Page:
Reigning Formula One world champion Lewis Hamilton has accused several former drivers of trying to “undermine” him in a stunning post-German GP outburst.
The Brit’s German Grand Prix victory came under controversial circumstances, with the Mercedes driver let off after an incident that saw him rejoin the race track after driving over a grass verge and out of the pit lane.
Hamilton described his improbable charge through the field as one of his “best drives of all time,” but clearly not everyone agreed.
Hamilton was particularly scathing of the assessment from the Sky Sports punditry team, which included Damon Hill, Martin Brundle and former foe Nico Rosberg.
“I never get to watch the races but just got home and watching Sky,” Hamilton posted on Instagram before deleting it.
“I find it amusing listening to ex drivers commentating, not one a single one of them could find a good word to say.
“Whatever the reason is, it’s ok I forgive you. Positivity and love wins always no matter what words you use to try and undermine me, I started 14th today and finished 1st. God is good all the time.”
Funnily enough, Rosberg did pay Hamilton high praise after the impressive victory, which was secured in the wake of Vettel’s late race blunder.
“It was surely one of the darkest moments in Sebastian’s whole career,” Rosberg said in his post-race Vlog.
“What an unbelievably dark day for him. It is his home race and he had the chance in his hands to win it and take a big lead in the championship, but he chucked it away in the wall.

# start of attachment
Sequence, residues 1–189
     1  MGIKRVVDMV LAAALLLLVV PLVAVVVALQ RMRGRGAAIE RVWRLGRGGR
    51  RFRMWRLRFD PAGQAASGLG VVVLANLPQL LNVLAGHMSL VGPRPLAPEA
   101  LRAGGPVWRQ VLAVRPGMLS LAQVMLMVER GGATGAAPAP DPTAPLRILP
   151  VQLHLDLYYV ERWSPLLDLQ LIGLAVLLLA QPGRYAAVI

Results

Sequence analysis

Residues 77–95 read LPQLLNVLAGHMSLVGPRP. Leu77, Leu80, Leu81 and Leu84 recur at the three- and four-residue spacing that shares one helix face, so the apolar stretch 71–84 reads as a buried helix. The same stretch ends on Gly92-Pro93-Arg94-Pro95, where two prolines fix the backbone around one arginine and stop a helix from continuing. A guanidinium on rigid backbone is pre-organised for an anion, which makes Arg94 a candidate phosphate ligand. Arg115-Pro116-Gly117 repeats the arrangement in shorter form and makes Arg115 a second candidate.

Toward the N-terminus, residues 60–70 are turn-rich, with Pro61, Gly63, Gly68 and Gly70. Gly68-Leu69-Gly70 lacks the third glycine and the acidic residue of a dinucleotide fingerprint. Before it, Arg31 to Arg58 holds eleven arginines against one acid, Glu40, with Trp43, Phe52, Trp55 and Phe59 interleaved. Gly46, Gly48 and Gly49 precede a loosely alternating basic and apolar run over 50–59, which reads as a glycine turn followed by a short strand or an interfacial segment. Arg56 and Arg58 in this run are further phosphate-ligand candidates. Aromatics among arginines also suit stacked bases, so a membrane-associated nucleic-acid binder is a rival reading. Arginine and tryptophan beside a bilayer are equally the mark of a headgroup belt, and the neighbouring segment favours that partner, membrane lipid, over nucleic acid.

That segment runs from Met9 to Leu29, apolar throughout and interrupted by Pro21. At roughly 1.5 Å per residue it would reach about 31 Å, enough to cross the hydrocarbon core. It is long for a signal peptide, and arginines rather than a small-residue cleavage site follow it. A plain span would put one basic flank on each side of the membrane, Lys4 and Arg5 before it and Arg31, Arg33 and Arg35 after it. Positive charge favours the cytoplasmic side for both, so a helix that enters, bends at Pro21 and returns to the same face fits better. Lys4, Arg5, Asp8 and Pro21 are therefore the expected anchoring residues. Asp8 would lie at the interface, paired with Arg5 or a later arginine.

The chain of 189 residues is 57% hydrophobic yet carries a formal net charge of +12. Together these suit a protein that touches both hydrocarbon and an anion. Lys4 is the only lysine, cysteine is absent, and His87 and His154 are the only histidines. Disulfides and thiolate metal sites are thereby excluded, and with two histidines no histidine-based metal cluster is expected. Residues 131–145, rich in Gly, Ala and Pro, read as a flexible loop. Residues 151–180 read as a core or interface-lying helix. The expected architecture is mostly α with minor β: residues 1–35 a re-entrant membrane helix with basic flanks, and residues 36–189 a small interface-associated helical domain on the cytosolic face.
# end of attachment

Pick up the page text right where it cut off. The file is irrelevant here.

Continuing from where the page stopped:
“That is so, so bad and it is going to be very tough for him. But it was phenomenal from Lewis and Mercedes. They nailed it.
“Fighting back. Never write off Lewis. He always comes back and that’s a fact! He showed it again by taking home the win.”
Even though he was won four Formula One titles, and 66 races, Hamilton draws huge motivation from being against the odds.
In the past two races, he has finished first and second after being way down on the grid.
He won the rain-hit German Grand Prix after starting from 14th . In the previous race, he was bumped off the track on the first lap but rose from last to second at the British GP with another superbly skilled and resilient drive.
“When you’re up against adversity … it’s always a chance to show what you can do and driving from the back is so much more fun,” Hamilton said.
“You never know how far you can go. Sometimes you are able to go the distance.”
Hamilton’s love of fighting from the back is somewhat ironic, considering he is F1’s record holder with 76 pole positions – eight more than Michael Schumacher.
Few backed Hamilton to succeed in Germany, especially after a hydraulic failure hampered his qualifying session.
Furthermore, arch rival Sebastian Vettel was on pole position in a supremely quick Ferrari and gunning to extend his championship lead.
But Hamilton won, with a little help from Vettel’s sudden crash on a sodden circuit.
“I feel like I drove the best I can remember driving,” he said.
“I’ve had a lot of races, and there have been a lot of other great ones. But this one I didn’t make any mistakes, I was really proud of it.”
“There was a lot of negativity before the race … and when I came here, there was a lot of booing.
“The weird thing is that I was really happy about it.”
Hamilton certainly silenced his hecklers in style – regaining control of the title race ahead of this weekend’s Hungarian GP.